Pivotal Roles of AQP4 in Ischemia-Elicited Astrocyte Plasticity
Among many GFAP-associated molecules, AQP4 is distinguished not only by its water permeability but also by its role of a “cotransporter” of osmolytes. AQP4 is colocalized or assembled with the transient receptor potential vanilloid channel 4 (Jo et al., 2015), gap junction protein Cx43 (Nicchia et al., 2005), Kir4.1/Kir5.1 (Lichter-Konecki et al., 2008), GLT-1 (Mogoanta et al., 2014), metabotropic glutamate receptor 5, and sodium pump (Illarionova et al., 2010). AQP4 and these ion transport proteins are mainly colocalized to astrocytic endfeet and exhibit strong functional correlation. For instance, deletion of AQP4 interferes K+ (Strohschein et al., 2011) and glutamate uptake (Nagelhus and Ottersen, 2013) while significantly decreasing GFAP expression in perivascular processes of astrocytes (Zhou et al., 2008). This molecular association likely reflects the demands of maintaining intracellular osmotic homeostasis via synergistically changing osmotic pressure and water transport.
Following the occurrence of stroke, AQP4 expression presents two peaks despite the time variations among individual observations. The first peak occurs at the initial stage of stroke; the second peak appears days after reperfusion and during recovery. As shown in mice (Ribeiro Mde et al., 2006) and rats (Fang et al., 2016), there are two peaks of maximal hemispheric swelling that respectively occur at 1 h and at 48 h after the onset of ischemia and are accompanied with synergistic increases in AQP4 expression (Ribeiro Mde et al., 2006). Moreover, AQP4 at the infarct zone is found to be lower at 24 h and higher at 72 h than that at the non-occluded areas (Zeng et al., 2012). This biphasic AQP4 expression is consistent with the internalization and decomposition of AQP4 at 3 h after the onset of ischemia (Huang et al., 2013). Clearly, AQP4 expression is temporally synergistic with GFAP/astrocytic morphological plasticity.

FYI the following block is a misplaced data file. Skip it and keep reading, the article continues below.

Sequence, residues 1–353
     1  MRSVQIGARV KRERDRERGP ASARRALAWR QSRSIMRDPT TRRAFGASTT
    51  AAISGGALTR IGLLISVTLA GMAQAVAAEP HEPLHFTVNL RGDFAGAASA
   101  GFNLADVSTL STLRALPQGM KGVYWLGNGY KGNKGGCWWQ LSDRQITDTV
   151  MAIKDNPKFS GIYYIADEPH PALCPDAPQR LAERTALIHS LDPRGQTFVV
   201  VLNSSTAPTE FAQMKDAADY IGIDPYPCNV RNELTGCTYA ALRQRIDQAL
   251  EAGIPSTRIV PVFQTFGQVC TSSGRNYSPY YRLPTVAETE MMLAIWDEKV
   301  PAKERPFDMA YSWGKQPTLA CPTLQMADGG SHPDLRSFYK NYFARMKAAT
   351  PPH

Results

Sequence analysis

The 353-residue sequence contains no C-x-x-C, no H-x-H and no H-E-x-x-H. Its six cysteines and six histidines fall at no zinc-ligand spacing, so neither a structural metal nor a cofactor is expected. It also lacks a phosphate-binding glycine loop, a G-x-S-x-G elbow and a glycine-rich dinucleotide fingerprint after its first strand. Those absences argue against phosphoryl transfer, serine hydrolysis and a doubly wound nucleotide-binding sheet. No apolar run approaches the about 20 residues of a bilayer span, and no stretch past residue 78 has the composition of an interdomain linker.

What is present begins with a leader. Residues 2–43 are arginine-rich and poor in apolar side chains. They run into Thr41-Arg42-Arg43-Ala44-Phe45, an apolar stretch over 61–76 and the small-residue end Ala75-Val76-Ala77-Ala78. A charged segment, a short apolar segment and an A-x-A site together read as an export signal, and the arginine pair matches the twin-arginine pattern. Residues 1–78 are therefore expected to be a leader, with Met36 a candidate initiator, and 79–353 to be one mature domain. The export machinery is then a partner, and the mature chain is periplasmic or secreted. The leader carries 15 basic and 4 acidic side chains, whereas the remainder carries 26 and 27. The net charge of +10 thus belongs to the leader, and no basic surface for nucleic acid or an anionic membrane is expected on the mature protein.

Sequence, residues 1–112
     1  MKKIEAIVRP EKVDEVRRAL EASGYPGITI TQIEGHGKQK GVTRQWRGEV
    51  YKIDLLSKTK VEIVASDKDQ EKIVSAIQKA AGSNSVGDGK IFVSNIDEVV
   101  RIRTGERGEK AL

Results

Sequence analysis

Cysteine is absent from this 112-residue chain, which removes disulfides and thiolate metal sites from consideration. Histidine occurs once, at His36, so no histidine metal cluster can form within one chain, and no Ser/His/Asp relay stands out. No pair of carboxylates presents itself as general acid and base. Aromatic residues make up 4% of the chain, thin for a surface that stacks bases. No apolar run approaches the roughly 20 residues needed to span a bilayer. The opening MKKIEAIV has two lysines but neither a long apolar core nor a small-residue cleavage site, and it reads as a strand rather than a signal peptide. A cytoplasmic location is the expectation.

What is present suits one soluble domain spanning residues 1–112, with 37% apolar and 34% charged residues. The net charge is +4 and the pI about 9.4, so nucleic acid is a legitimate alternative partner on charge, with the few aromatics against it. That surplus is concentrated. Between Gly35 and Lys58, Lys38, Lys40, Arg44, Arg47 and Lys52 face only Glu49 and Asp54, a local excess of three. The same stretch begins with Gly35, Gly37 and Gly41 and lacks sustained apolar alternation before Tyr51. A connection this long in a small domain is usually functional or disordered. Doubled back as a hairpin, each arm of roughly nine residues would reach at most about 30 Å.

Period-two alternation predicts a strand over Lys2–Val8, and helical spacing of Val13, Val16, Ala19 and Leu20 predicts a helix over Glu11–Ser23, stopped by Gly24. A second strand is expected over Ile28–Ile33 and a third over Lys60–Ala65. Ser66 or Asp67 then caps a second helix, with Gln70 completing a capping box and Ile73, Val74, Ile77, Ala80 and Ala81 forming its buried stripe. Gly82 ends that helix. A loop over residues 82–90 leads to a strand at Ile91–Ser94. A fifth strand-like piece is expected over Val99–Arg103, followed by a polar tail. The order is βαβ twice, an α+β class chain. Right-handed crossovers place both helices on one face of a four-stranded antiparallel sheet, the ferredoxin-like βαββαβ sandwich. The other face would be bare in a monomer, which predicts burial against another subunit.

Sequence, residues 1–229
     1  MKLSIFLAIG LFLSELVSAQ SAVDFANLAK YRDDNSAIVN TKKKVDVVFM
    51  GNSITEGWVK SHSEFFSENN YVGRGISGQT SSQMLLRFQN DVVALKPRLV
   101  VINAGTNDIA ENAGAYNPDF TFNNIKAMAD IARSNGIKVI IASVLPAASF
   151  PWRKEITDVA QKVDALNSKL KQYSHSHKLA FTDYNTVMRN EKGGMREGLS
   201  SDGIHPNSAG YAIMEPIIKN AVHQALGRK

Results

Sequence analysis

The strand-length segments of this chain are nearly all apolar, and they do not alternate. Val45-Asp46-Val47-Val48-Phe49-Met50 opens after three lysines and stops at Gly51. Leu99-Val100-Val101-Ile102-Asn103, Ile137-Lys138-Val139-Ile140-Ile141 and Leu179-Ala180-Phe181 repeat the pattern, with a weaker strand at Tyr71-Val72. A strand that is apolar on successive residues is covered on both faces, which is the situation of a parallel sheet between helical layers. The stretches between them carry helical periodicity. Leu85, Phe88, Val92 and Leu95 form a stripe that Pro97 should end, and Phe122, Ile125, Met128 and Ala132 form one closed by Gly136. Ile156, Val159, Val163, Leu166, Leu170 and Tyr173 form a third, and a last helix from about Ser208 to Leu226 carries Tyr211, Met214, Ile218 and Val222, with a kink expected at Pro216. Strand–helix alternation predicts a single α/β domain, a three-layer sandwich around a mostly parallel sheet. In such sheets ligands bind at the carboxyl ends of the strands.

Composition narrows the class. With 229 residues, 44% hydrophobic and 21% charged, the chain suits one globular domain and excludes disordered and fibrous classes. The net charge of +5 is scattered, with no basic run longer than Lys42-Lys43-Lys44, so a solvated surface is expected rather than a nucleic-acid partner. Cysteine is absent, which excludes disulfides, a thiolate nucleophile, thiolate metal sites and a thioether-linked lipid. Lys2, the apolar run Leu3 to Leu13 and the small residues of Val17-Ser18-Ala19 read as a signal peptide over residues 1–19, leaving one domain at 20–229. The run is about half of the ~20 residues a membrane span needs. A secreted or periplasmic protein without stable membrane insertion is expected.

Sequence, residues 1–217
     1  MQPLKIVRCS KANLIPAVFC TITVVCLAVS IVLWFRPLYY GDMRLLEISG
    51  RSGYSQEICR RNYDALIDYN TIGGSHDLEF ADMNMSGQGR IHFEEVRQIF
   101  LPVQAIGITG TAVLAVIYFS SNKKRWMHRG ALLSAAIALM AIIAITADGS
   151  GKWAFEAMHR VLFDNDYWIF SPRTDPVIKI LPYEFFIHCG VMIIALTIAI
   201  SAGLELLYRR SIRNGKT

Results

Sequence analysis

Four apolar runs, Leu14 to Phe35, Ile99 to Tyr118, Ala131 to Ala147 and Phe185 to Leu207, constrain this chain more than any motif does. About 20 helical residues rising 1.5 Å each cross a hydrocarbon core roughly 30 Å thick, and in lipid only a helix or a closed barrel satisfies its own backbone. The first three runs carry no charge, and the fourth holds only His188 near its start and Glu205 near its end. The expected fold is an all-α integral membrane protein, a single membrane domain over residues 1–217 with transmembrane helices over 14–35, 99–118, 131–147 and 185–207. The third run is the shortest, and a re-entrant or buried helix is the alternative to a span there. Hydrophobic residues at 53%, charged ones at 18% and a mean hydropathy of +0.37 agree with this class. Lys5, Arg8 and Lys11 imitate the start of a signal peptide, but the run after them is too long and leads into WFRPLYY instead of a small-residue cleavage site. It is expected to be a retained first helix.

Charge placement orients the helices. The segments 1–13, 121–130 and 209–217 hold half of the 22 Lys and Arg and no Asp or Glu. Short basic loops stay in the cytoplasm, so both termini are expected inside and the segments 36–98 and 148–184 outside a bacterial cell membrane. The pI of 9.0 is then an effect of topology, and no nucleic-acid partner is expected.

In mice with 1 h transient focal brain ischemia, AQP4 expression is significantly increased at astrocyte endfeet in the lesion core initially and it increases in whole astrocytes at the border of lesion at 48 h (Ribeiro Mde et al., 2006). Moreover, the most affected part of the cortex loses perivascular AQP4 but shows a partial recovery toward 72 h of reperfusion; however, the cortical border zone differs from the lesion core by showing no loss of perivascular AQP4 at 24 h but rather a slight increase (Frydenlund et al., 2006). These region-specific changes indicate that AQP4 plays different role, depending on the regions, consistent with the general alteration in GFAP expression and astrocytic morphological plasticity.
Further studies reveal that the spatial distribution rather than the expression level of AQP4 is closely associated with its functions. The loss of perivascular AQP4 is associated with the disappearance of the perivascular astrocyte membrane (Frydenlund et al., 2006), indicating that AQP4 is removed from its functioning sites along with the disassembly of GFAP filaments and glial retraction. Following cerebral ischemia, cortical astrocytes exhibit reduced perivascular AQP4 and unchanged AQP4 protein abundance (Stokum et al., 2015). The loss of AQP4 polarization and the disruption of laminins of the basement membrane disrupt water efflux from the brain while increasing BBB permeability (Steiner et al., 2012). Moreover, in mild focal brain ischemia, these changes occur only in the area of lesion core but not in the penumbra (Steiner et al., 2012). These facts allow us to conclude that AQP4 expression and localization in stroke are correlated with the extent and stage of brain edema formation, which allows different groups of astrocytes to respond to ischemic insults differentially. Figure 2 is a diagrammatic drawing of the astrocytic functional plasticity in ischemic stroke.